Poignant tributes in UK mark Armistice Day

Poppies float in a fountain during the Armistice Day event in Trafalgar Square, London.

Story highlights

  • One of London's busiest tourist spots came to a halt to remember the war dead
  • In Bristol, thousands of shrouded figures were laid out representing fallen soldiers

(CNN)Public spaces across Britain came to a standstill Friday as the nation held a two-minute silence to mark Armistice Day.

One of many poignant tributes to the fallen was held in Trafalgar Square in central London, where an estimated crowd of 5,000 gathered for the Silence in the Square event, hosted by the Royal British Legion.
    At 11 a.m. (6 a.m. ET), with chimes from Big Ben marking the time, traffic surrounding the square -- one of the capital's busiest tourist sites -- came to a halt along with the crowds for a two-minute silence.
    A spokeswoman for the British Legion told CNN that motorists turned off their engines and stepped out of their vehicles to stand and show their respect for the fallen.
    Members of the public were invited to place poppies in the fountains at Trafalgar Square.
    The annual Armistice Day service honors those who lost their lives during times of war.
    Pupils from Eden Girls' School in London participate in the tribute to the fallen.
    The event, now in its ninth year, is held to recognize the sacrifices of all generations of the British Armed Forces who have served to defend freedom.
    It concluded with members of the crowd placing poppy petals in the Trafalgar Square fountains as a symbolic act of remembrance.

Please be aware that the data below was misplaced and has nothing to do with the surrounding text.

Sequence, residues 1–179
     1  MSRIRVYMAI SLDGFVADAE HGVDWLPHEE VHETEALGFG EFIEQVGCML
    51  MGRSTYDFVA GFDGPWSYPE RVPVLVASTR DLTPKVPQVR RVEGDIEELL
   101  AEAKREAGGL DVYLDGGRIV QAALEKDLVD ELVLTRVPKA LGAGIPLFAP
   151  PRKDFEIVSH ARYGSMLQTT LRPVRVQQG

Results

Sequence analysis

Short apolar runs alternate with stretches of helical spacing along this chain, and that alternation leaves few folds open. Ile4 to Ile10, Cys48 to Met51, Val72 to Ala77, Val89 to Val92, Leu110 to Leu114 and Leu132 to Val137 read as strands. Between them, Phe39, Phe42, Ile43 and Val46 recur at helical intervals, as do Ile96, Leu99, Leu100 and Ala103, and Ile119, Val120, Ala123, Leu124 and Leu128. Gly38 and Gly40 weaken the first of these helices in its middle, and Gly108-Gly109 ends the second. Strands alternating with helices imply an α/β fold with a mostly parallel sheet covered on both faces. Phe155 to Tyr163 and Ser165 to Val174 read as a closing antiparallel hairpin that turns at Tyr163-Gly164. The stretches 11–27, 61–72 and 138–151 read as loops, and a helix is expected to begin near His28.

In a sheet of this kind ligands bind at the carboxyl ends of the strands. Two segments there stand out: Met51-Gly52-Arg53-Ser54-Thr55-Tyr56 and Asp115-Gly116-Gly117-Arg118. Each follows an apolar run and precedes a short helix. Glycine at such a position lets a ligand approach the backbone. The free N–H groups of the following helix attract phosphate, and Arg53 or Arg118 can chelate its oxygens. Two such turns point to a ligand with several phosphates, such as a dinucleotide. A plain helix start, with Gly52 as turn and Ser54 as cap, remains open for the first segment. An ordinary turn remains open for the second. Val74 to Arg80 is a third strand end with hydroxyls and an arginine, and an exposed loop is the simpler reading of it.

In Bristol, 19,240 shrouded figures were laid out on College Green, next to the cathedral. Each one represented a soldier killed on the first day of the Battle of the Somme on July 1, 1916.
    Some of the shrouded figures laid out on College Green in Bristol.
    The 19,420 figurines represented soldiers who died on the first day of the Battle of the Somme.
    The display was created by Rob Heard, an artist from Somerset. Heard sourced information on the men who fell from the Commonwealth War Graves commission and wrapped and bound each 12-inch figure in a hand-stitched shroud.
    "We hope the installation will prompt renewed reflection on events that took place a hundred years ago and on our current experience of war and terror," David Hoyle, dean of Bristol said in a statement on the Bristol Cathedral website.
    The shrouds were previously displayed in Exeter to mark the 100-year anniversary of the start of the Battle of the Somme in July. According to the Commonwealth War Graves Commission, by the time the battle ended 141 days later in November 1916, more than 1 million Commonwealth, French and German soldiers had been wounded, captured, or killed.
    At the National Memorial Arboretum in Staffordshire, Prince Harry observed the two-minute silence and laid a wreath of poppies. The prince -- a former captain in the British Army who served in Afghanistan -- also gave a reading of Rupert Brooke's poem, "The Soldier."
    Prince Harry read a war poem after laying a wreath at the Armed Forces Memorial.
    The prince served in the Army himself and maintains close links to the military.
    The annual Armistice Day honors those who lost their lives during times of war. Poppies have been used as a way of commemorating World War I for decades -- in Britain, thousands of paper flowers are sold for charity each year and are worn in people's lapels.
    The flowers grew over the battlefields of northern France and Belgium.
    In Paris, French President François Hollande attended an Armistice Day ceremony at the Arc de Triomphe, laying a wreath at the foot of the Tomb of the Unknown Soldier.